Where do I stand with CSA if ex’s new husband is adopting my daughter?

March 24, 2017

I live in the U.K and married my wife 16 years ago. She is Australian. We have a child but split up due to money issues within a year. When my daughter was 2, she moved back to Brisbane Australia with her, without giving me any notice.

I have had no actual contact with my daughter who is now 13 years old.

I was requested to pay child maintenance through a court payment order through U.K. CSA to Auz CSA which I have done without problem although I have always felt that as I have no possibility of contact with my daughter, I should not be held responsible for maintenance. Her mother chose to sever all ties with me and move to the other side of the planet. It was against my wishes.

My wife remarried 2 years ago and I have found out that last September 2016, her new husband applied to adopt my daughter.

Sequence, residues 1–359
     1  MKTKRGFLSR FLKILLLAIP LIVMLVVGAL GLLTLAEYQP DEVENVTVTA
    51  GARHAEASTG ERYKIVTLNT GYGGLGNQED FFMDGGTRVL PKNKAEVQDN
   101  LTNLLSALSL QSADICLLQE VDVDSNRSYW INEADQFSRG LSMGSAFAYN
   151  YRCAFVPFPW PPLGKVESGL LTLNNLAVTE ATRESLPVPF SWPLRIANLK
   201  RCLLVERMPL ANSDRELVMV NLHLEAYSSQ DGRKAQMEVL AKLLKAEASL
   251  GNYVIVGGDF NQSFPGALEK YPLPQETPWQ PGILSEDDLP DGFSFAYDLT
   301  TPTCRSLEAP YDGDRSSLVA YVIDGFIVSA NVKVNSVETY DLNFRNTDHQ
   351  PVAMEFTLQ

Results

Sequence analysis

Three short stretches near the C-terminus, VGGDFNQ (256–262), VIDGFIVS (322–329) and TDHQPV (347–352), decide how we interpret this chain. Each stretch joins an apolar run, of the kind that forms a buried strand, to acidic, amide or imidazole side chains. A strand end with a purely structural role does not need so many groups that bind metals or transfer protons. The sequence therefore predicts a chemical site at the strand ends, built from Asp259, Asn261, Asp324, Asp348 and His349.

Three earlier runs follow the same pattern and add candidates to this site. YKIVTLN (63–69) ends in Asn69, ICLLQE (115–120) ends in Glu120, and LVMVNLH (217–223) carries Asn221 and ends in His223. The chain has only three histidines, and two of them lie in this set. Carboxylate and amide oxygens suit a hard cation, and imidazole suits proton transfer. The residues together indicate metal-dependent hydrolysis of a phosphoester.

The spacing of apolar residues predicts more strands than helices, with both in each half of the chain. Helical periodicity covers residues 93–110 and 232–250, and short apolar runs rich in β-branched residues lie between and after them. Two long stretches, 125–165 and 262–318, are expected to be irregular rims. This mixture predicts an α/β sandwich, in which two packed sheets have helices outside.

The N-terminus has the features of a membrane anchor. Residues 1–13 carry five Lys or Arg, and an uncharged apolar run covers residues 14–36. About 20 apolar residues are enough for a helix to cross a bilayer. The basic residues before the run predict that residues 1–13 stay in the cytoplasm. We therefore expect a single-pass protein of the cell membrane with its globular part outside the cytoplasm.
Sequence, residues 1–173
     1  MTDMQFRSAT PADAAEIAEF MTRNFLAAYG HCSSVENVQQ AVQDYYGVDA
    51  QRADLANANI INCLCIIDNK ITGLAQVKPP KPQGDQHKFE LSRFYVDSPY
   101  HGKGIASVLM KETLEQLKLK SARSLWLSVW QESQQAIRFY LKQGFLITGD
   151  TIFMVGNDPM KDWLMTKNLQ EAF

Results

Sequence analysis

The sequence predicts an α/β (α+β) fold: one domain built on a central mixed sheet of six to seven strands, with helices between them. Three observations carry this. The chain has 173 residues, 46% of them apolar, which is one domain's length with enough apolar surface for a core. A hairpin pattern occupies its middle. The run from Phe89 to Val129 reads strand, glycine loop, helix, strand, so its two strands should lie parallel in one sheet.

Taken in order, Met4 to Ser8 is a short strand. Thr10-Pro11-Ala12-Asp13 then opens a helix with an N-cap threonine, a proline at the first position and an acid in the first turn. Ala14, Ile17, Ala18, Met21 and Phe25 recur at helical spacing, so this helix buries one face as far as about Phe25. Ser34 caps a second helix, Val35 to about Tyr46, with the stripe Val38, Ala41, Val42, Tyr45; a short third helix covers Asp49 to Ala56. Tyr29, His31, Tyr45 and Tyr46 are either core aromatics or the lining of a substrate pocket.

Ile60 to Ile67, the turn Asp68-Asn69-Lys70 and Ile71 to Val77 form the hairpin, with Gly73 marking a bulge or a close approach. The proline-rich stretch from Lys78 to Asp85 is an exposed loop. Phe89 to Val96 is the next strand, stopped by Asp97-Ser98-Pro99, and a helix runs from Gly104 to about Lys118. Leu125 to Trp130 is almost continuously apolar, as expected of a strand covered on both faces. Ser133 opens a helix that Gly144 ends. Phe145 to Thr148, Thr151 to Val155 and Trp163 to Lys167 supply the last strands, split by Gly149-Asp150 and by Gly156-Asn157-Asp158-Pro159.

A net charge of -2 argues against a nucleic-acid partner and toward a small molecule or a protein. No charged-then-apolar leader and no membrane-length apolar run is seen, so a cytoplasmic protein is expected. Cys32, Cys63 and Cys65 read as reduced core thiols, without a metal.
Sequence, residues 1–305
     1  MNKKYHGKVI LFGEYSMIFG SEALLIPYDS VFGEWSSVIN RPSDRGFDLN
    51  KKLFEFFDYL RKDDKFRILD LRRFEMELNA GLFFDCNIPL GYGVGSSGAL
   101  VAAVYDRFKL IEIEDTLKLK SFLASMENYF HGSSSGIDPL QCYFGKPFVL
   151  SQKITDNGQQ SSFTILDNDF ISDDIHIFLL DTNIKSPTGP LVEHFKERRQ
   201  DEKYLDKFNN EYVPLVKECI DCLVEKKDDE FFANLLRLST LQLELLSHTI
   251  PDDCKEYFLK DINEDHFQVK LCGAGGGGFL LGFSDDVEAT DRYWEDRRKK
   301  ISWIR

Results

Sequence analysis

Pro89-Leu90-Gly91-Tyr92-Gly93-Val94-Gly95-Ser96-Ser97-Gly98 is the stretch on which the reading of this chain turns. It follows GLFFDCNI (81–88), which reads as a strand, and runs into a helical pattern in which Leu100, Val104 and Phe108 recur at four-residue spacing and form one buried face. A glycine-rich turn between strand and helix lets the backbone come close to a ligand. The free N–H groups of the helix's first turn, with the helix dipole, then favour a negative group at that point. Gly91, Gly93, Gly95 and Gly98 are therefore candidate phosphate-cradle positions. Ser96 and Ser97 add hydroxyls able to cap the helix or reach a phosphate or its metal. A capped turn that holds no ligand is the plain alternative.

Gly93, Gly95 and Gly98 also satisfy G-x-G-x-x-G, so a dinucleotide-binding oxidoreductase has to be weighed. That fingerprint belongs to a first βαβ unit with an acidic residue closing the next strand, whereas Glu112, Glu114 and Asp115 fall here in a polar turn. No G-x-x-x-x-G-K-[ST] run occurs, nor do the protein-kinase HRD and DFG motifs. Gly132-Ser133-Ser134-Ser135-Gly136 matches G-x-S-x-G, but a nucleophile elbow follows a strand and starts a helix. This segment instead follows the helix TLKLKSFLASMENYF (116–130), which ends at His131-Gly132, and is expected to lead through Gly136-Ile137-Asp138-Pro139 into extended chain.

Everything I have read suggests that I now have no legal rights to my daughter and also that I am not required to pay maintenance.

CSA still asks me for maintenance payments but do I need to pay if she has been adopted? I was not even consulted about the adoption so I guess it was deemed that I was not needed to consent to that either.

Fathers rights really are very thin and I lost all possibility of seeing my daughter, yet still held accountable for sending huge amounts of my pay in their direction.

If I now don’t need to pay maintenance, how do I go about finding out?

Comments

One Response to “Where do I stand with CSA if ex’s new husband is adopting my daughter?”

  1. Mother of child abandoned by father on April 12th, 2017 1:25 am

    Firstly you need to find out if she has been successful adopted, if she has you need to obtain legal evidence to them pass onto the CSA.
    However if she has not been adopted you can reject the application for her adoption if you are making regular maintenance payments.
    If she is adopted though and you do stop making maintenance payments, I would recommend that you set up a savings account for your daughter that you can give to her on her 18th Birthday proving to her that you never stopped paying for her and never stopped wanting her!

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